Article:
Pressure drop

For other uses, see Pressure Drop (disambiguation).
Pressure drop is a term used to describe the decrease in pressure from one point in a pipe or tube to another point downstream. "Pressure drop" is the result of frictional forces on the fluid as it flows through the tube. The frictional forces are caused by a resistance to flow. The main determinants of resistance to fluid flow are fluid velocity through the pipe and fluid viscosity. The flow of any liquid or gas will always flow in the direction of least resistance(less pressure). Pressure drop increases proportional to the frictional shear forces within the piping network. A piping network containing a high relative roughness rating as well as many pipe fittings and joints, tube convergence, divergence, turns, surface roughness and other physical properties will affect the pressure drop. High flow velocities and / or high fluid viscosities result in a larger pressure drop across a section of pipe or a valve or elbow. Low velocity will result in lower or no pressure drop. ^{[1]}
Pressure Drop can be calculated by 2 values: the Reynolds Number, NRe (determining laminar or turbulent flow), and the relative roughness of the piping, ε/D. NRe = Dvρ/μ Where D is the pipe diameter in metres, v is the velocity of the flow in metres per second, ρ is the density in kilograms per cubic metre, and μ is in kilograms per metresecond. The relative roughness of the piping is usually known and then these two values can be cross referenced using:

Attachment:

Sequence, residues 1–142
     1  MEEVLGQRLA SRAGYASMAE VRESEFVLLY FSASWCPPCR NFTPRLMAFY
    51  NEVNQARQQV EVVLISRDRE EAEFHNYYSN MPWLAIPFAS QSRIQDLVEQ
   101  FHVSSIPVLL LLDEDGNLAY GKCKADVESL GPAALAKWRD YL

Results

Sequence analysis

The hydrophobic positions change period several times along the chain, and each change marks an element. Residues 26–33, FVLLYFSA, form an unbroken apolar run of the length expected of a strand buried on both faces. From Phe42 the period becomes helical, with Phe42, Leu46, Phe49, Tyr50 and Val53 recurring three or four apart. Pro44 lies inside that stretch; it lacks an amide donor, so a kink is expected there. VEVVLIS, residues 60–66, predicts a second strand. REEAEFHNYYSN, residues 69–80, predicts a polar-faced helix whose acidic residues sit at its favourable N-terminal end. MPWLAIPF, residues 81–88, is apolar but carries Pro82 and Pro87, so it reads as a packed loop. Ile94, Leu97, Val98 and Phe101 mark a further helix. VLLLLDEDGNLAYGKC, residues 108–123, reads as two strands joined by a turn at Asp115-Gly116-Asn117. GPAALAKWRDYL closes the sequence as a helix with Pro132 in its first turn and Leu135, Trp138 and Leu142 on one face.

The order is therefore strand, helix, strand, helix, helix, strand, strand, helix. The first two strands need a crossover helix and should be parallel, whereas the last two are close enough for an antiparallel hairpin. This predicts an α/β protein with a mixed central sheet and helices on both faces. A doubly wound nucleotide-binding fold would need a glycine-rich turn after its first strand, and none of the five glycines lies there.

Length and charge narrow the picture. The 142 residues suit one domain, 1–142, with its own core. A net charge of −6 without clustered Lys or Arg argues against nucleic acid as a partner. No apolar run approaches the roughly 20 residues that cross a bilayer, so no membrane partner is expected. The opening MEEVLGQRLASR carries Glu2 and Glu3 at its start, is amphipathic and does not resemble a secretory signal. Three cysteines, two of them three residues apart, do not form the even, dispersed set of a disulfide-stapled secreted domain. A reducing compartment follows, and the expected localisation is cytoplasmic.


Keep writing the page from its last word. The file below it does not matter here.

http://www.fao.org/docrep/x5744e/x5744eee.gif
By cross referencing the Reynolds number with the relative roughness, the friction factor, f, is calculated. f=(ΔpπR2/2πRΔL)/(ρv2/2) Where solving for Δp will allow for the calculation of pressure drop through a pipe. ^{[2]}^{[3]}
See also
 Pressure measurement
 Atmospheric pressure
 Voltage drop
 Darcy–Weisbach equation ( To calculate pressure drop in a channel )
References
 ^ The Christmas Tree Farm, http://www.christmastreefarm.com/dripterm.html
 ^ Geankoplis, C. J. (2003). Transport Processes and Separation Process Principles. Upper Saddle River, NJ: Prentice Hall Professional Technical Reference.
 ^ Welty, James (2008). Fundamentals of Momentum, Heat, and Mass Transfer. United States: Hamilton Printing.
Categories: Mechanics
 Physics stubs
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